According to the U.S. Centers for Disease Control and Prevention, an estimated 5.8 million Americans aged 65 or older live with Alzheimer’s disease, and that number is projected to nearly triple by 2060. Fortunately, USDA-funded research may have found a tasty way to slow disease onset.
A study published in the American Journal of Clinical Nutrition suggests that diets high in flavonoids may protect cognitive health. Flavonoids are plant nutrients known for their antioxidant, antiviral, and anticancer properties and are found in berries, tea, dark chocolate, and other foods.
“Alzheimer’s disease is a significant public health challenge,” said Paul Jacques, nutritional epidemiologist at the Jean Mayer USDA Human Nutrition Research Center on Aging at Tufts University in Boston. “Given the absence of drug treatments, preventing Alzheimer’s disease through a healthy diet is an important consideration.”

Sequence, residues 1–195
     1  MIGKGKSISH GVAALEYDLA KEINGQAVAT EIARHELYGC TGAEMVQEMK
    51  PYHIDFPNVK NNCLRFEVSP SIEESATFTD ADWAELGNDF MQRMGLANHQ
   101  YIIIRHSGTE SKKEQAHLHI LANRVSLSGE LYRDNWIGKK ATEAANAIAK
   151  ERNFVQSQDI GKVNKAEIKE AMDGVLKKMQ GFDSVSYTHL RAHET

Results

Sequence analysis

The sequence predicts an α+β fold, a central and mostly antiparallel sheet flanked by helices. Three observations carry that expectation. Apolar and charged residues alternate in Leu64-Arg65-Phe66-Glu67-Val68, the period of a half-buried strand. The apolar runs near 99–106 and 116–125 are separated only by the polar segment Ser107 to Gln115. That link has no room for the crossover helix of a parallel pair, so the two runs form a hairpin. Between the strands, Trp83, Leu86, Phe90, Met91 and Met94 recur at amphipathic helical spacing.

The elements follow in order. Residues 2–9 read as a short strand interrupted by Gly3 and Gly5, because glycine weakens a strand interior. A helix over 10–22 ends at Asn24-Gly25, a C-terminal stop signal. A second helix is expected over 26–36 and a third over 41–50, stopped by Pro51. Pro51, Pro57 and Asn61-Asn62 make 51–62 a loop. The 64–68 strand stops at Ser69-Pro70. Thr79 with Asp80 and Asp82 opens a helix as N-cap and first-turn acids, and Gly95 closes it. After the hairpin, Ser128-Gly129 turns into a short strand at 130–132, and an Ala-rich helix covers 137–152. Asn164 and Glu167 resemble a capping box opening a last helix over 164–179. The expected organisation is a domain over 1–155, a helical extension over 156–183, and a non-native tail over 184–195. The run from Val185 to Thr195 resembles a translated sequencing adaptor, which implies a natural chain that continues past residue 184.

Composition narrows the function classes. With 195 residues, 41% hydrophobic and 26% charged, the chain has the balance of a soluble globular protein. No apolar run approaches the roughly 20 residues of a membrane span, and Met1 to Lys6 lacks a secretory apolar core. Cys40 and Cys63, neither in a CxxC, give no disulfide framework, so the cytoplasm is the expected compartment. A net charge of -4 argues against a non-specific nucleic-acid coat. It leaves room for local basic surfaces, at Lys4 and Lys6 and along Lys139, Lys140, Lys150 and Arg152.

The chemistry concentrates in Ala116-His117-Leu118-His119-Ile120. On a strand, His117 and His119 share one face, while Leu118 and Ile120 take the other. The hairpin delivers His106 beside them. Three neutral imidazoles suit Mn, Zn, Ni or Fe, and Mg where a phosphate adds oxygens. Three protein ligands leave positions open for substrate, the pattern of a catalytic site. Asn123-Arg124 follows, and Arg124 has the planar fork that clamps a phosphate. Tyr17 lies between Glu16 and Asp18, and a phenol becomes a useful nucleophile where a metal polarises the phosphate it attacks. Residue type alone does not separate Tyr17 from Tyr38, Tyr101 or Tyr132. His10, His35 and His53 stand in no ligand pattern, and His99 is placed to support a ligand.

Jacques’s study, which followed 2,809 people for nearly 20 years, revealed that diets high in fruits and vegetables showed significant promise to quell the onset of Alzheimer’s.
“Our study showed that individuals with the highest intakes of flavonoids were more than 50% less likely to develop Alzheimer’s disease, relative to those with the lowest intakes,” he said. “Plant foods, such as vegetables, fruits, nuts, and seeds are good sources of flavonoids.”
According to Jacques, flavonoid-rich diets help more than just Alzheimer’s disease and related dementia.
“The bottom line is that there are many reasons to consume a healthy diet, including lower risks of cardiovascular disease and some cancers. We can now add protection of cognitive health and prevention of Alzheimer’s disease to that list.”